Katharine House Hospice has announced four of its charity shops will close and at least 20 jobs are under threat due to the financial impact of coronavirus.
The hospice provides free care and support for adults and their families who are coping with progressive illness across mid-Staffordshire and relies on donations and charity shop income for around 75 per cent of its revenue.
However income has dried up during the Covid-19 pandemic. The hospice has had to cancel all of its events, including music festival Strictly Stafford and its Sunrise Walk, and was forced to close its 22 shops in March.
Government support allowed it to balance its books for the first four months of the pandemic and while the hospice had planned for significant reductions in fundraising and retail income, the losses have been much greater than expected.
Katharine House's 200 staff were asked this week to take part in a formal consultation process to reduce operating costs across the organisation, which will involve at least 20 job losses.
Four of the hospice’s charity shops will be closing between October and March as they are unlikely to return to profit, and most others will see reductions in staff hours.
The charity will also be launching an emergency appeal to save its care services.
Local people can help by making a donation at khhospice.org.uk or by shopping at one of the hospice’s shops.
Chief executive Doctor Richard Soulsby said: “Katharine House like other hospices received additional funding through the spring and early summer via the NHS, local authorities, and through the HMRC furlough scheme. With this aid we continued throughout the pandemic to support local patients and their families, whilst retaining a balanced financial position. After October no further funding will be received.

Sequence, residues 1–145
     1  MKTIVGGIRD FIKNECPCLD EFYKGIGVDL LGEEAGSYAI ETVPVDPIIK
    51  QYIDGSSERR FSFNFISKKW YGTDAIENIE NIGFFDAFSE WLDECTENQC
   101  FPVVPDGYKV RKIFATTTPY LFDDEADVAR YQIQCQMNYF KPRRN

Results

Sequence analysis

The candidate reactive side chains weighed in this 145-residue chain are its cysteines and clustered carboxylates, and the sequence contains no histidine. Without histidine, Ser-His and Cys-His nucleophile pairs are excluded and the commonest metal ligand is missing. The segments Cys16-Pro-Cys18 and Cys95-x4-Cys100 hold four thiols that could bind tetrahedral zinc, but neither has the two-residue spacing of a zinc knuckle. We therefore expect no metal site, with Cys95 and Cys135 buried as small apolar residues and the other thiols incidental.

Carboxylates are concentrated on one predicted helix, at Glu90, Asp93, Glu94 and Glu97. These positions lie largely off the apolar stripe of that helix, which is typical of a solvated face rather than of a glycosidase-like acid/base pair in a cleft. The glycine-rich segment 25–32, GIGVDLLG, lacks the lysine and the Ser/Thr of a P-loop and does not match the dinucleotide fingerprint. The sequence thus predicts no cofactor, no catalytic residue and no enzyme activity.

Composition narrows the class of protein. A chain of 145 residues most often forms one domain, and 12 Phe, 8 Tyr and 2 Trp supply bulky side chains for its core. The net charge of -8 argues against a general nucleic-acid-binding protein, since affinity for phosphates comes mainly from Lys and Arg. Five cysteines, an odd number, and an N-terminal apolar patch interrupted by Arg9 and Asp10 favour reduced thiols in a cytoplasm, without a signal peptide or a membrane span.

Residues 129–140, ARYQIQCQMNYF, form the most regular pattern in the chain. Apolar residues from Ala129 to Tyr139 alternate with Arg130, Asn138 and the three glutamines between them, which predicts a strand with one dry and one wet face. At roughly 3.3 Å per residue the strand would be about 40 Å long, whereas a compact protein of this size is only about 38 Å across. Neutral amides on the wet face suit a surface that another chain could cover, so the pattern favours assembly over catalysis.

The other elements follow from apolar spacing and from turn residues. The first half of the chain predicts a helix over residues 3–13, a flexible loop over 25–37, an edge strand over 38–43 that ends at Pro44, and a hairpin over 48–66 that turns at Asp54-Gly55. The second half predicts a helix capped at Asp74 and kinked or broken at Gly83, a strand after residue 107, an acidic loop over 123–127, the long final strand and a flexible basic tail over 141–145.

“It was expected that the reopening of the shops would enable the hospice to be financially sustainable by using our reserves to weather the loss of income due to Covid-19. It is now evident that these reserves will not be sufficient in light of the higher than expected losses in the hospice’s fundraising and retail revenues. The hospice is now faced with difficult decisions regarding its future.
“Our primary concerns are to maintain services for local people and to support our staff and volunteers. Working together we hope to prevent as many redundancies as possible, but some are inevitable.”
Care began in 1989 when a small group of volunteers provided support at home and campaigned for Stafford’s hospice. Since then services have grown at the hospice and in the community and each year it provides free care for around 1,300 local people.
Dr Soulsby added: “We face difficult choices to try to ensure we have a sustainable future, so we can continue caring for as many people as possible in the Stafford and surrounding areas for years to come. We value our people and we realise that that is a very challenging time for all of our teams.
"During the formal consultation process we will be engaging with our staff to examine ways in which we can reduce costs, answer their questions, listen to their views and consider any alternative proposals they put forward. We are all very much in this together and we will do all we can to minimise the impact on care and save jobs, but sadly some staff reductions will be inevitable.”